So many ways to tell a tale

Puppetry, poetry, music will all be used to weave stories at a new festival in Delhi this weekend
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First Published: Fri, Nov 16 2012. 04 49 PM IST
A performance by the Saltbush Children’s Theatre
A performance by the Saltbush Children’s Theatre
Updated: Fri, Nov 16 2012. 05 44 PM IST
“There is a huge market out there for storytelling for children. We always wanted to explore a gamut of forms through which a story can be told to children and that is what the Kahaani festival is all about. We do not want to restrict ourselves in any one format,” says Sanjoy Roy, founder, Teamwork Films, which hosts Kahaani. “The idea is also to explore our oral storytelling traditions and bring stories from different parts of India and the world alive.” Targeting children in the age group of 8-16, stories will be told through puppetry, poetry, music and oral traditions. Among the sessions at the festival, watch out for performances by the Saltbush Children’s Theatre. This is an interactive journey for children through the culture and landscape of Aboriginal Australia, celebrated through live dance, music, song and stories.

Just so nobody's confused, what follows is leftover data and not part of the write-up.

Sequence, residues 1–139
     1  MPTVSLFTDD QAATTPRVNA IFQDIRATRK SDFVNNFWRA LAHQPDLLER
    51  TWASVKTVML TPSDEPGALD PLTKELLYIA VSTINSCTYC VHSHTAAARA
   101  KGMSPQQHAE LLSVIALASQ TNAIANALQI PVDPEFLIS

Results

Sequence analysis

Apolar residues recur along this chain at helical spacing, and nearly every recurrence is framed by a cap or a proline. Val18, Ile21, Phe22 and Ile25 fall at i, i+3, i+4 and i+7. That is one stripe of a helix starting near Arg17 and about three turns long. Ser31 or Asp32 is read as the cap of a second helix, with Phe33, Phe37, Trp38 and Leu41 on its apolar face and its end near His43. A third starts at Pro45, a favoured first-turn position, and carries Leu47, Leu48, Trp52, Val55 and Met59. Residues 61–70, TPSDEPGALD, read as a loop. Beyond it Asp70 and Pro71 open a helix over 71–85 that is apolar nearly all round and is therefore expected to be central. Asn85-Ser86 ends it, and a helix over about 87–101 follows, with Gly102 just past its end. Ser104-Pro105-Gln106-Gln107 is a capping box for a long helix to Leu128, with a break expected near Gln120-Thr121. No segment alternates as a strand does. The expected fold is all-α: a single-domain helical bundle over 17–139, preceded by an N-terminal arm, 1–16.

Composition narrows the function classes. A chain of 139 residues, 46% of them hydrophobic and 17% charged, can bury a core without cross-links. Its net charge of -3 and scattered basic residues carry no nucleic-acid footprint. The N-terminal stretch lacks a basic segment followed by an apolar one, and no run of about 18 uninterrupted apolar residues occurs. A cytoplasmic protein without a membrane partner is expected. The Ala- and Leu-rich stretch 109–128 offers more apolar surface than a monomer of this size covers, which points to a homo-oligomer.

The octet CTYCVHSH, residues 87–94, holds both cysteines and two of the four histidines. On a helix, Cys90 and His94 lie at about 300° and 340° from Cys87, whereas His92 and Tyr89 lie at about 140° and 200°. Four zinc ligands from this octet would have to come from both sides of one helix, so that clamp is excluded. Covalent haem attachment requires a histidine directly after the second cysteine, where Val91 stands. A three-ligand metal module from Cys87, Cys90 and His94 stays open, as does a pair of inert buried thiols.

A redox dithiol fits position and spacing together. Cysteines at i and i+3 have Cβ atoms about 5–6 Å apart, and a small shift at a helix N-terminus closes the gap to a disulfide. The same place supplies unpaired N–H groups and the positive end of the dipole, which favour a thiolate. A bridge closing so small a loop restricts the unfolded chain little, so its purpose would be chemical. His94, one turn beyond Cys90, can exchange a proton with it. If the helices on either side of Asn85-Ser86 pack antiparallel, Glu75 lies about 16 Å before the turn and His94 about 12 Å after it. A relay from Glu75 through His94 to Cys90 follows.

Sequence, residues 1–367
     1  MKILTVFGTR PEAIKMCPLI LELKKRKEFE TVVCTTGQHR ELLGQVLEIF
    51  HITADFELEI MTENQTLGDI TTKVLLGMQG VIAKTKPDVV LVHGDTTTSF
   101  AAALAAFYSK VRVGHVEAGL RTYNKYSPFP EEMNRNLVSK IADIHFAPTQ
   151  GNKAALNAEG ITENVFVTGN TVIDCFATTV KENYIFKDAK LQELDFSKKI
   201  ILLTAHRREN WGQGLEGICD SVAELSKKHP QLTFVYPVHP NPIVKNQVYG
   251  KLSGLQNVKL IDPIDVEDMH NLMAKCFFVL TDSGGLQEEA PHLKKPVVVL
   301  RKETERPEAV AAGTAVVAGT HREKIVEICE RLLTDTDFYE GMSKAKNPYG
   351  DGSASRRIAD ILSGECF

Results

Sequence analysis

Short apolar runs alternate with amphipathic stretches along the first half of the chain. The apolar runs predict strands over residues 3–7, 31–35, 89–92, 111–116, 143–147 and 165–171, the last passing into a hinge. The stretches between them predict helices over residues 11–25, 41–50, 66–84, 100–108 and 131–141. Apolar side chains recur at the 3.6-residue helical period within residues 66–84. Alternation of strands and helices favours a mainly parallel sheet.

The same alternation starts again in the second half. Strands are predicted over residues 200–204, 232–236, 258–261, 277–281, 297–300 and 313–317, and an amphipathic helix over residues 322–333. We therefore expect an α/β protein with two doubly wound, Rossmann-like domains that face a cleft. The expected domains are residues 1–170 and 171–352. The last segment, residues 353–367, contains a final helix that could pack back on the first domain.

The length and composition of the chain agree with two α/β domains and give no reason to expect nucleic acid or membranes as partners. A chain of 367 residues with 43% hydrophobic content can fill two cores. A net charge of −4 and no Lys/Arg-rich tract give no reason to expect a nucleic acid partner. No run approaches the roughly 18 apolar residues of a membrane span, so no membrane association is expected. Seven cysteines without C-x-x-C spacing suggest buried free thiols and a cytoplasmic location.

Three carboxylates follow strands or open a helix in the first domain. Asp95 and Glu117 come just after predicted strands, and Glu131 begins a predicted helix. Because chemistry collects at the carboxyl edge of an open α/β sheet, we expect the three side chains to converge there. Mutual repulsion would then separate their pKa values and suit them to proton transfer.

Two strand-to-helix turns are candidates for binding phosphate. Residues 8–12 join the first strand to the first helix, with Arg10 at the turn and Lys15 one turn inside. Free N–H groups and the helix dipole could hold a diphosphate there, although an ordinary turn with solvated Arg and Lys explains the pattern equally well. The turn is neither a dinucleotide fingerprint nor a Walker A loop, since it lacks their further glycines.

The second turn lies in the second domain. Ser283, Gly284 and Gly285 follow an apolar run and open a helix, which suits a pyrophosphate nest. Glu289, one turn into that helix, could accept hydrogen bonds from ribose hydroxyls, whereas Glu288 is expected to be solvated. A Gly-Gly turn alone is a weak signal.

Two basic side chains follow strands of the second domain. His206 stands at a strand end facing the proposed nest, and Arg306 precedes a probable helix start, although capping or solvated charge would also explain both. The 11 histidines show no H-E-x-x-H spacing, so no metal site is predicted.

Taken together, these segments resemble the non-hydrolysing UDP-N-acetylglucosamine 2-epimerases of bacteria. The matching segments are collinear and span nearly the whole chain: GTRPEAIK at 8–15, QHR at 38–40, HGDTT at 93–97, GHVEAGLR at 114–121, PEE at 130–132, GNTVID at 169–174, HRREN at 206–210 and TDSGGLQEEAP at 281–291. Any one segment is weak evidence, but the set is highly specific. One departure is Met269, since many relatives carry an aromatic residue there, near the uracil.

Learn also how to play the nagada with Nathoo Lal Solanki; understand pop-up books and how to construct them with Sachin George Sebastian in the workshop Kirigami & Pop Up Art; learn how to make a comic strip with Subhadra Sen Gupta with Atanu Roy; and enjoy performances by the Ishara Puppet Theatre.
On 17-18 November, Pathways School, Sector 100, Noida. For details, visit http://kahaanifestival.com.
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First Published: Fri, Nov 16 2012. 04 49 PM IST
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